Thursday, March 24, 2011

Artisan Bread



I just love this recipe for Artisan Bread, that Jeff Hertzberg and Zoë François came up with. I love homemade bread, but I hate taking the time it usually takes to make it. Having to mix, knead it, let it rise, punch it down, let it rise again...It's just too time consuming. This recipe for Artisan Bread is made without any kneading! You mix it in a bucket or big bowl, let it set on the counter for 2 hours. Then, you can either make a loaf or two, or let it sit in the fridge till you're ready to bake it-up to 2 weeks!! The artisan free-form loaf called the French boule is the basic model for all the no-knead recipes. The round shape (boule in French means “ball”) is the easiest to master.

If you make the following recipe, you'll end up with enough dough for 4 loaves. They tell you to pull off a grapefruit-size ball. An easier way for me, is to mix it all in a plastic square bowl I have, and when it's mixed and raised, I mark the dough down the middle both ways (across the middle to form a + so to speak. Then, i just cut the dough and form the ball. I usually make two loaves at a time.

Basic Master Recipe

3 cups warm water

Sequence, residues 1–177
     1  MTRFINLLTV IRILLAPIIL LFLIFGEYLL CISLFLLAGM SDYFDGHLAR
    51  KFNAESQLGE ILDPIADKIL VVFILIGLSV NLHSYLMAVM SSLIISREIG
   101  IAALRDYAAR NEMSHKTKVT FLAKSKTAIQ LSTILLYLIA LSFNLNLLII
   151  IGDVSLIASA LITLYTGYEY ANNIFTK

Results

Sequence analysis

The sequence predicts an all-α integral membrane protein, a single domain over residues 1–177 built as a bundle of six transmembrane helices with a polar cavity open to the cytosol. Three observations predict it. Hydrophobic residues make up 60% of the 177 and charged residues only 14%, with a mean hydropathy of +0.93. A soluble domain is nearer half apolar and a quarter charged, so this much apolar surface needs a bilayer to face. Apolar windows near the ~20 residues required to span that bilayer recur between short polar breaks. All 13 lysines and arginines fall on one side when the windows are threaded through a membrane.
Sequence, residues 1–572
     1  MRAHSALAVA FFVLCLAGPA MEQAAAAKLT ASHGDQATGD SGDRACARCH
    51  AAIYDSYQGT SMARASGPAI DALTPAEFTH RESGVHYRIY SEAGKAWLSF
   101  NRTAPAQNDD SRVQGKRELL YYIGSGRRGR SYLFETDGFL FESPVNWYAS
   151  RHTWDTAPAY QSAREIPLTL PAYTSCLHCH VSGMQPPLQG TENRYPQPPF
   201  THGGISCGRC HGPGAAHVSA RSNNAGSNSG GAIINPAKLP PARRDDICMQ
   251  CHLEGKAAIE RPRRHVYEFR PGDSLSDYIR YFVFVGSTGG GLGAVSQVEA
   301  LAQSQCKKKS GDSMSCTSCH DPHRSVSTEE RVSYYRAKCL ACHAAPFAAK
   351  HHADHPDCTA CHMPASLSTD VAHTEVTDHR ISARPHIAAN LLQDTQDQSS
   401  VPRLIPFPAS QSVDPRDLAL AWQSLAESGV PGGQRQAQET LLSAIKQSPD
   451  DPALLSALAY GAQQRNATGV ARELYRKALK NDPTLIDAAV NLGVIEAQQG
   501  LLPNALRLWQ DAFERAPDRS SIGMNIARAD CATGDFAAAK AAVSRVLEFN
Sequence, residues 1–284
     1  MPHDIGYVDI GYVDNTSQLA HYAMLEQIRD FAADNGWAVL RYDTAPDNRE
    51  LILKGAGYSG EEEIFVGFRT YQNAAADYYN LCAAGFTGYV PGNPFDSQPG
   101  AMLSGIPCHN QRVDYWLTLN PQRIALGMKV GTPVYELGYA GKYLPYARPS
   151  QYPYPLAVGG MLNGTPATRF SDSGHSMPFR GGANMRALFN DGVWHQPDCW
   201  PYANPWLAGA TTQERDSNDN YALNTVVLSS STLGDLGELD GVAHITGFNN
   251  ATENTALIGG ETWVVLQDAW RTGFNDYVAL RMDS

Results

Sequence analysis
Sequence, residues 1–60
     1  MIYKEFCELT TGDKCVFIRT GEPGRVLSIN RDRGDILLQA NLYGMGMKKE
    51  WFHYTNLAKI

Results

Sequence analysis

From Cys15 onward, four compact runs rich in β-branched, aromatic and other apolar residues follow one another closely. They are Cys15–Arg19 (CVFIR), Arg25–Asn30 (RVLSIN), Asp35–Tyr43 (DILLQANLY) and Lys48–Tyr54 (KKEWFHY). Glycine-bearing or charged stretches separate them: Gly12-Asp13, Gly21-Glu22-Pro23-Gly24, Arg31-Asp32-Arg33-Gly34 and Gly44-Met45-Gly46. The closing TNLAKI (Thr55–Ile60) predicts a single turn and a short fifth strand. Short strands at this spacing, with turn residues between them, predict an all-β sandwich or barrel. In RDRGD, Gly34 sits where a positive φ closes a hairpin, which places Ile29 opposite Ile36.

1 1/2 TBSP Salt
1 1/2 TBSP Yeast (active dry or quick rise)
6 1/2 cups flour (level)

Pour yeast into water. Add remaining ingredients. Mix well,  but do NOT knead. Use a wooden spoon or other to mix it with. Cover with lid-not airtight. Lift a corner if needed, to allow gases to escape. Let rest on counter, then you can either make a loaf or two, or put in refrigerator for up to two weeks. 

When ready to bake, sprinkle a little flour on top of the dough so it won't stick to your hand. Cut off a ball about the size of a grapefruit (or divide your bowl like I do, into fourths and remove a fourth). Dip the ball in flour and then turn in your hand, pulling the dough down and under itself; make a nice even ball-should only take about 30 seconds. 

Put a little corn meal or flour on the counter or a pizza peel. Place the dough on top. Let sit for 40 minutes to an hour. Does not need to be covered. 

At about 30 minutes into resting time, preheat oven to 450 degrees. If baking on a stone, place the stone in the oven to preheat. Have a metal pan on the bottom rack of oven. Slice bread across the top with little, quick cuts to create a bit of an Artisan design. (see picture) Put bread on stone or cookie sheet and into oven. Place 1 cup hot water in pan and close oven door. This water will help steam the bread and make it crispy. 

Bake for approximately 30 minutes. Take out and let cool on a rack before cutting. The recipe doesn't call for this, but I pour a little olive oil across the top of the bread when it's done baking to soften up the crust. I like the crispy crust, but it makes it hard to slice. Sprinkling the oil across the top and down the sides, makes it easier to slice. 

If you buy their book, you can have other recipes for other types of breads using this basic recipe, as well as sandwiches, rolls, etc.  

    

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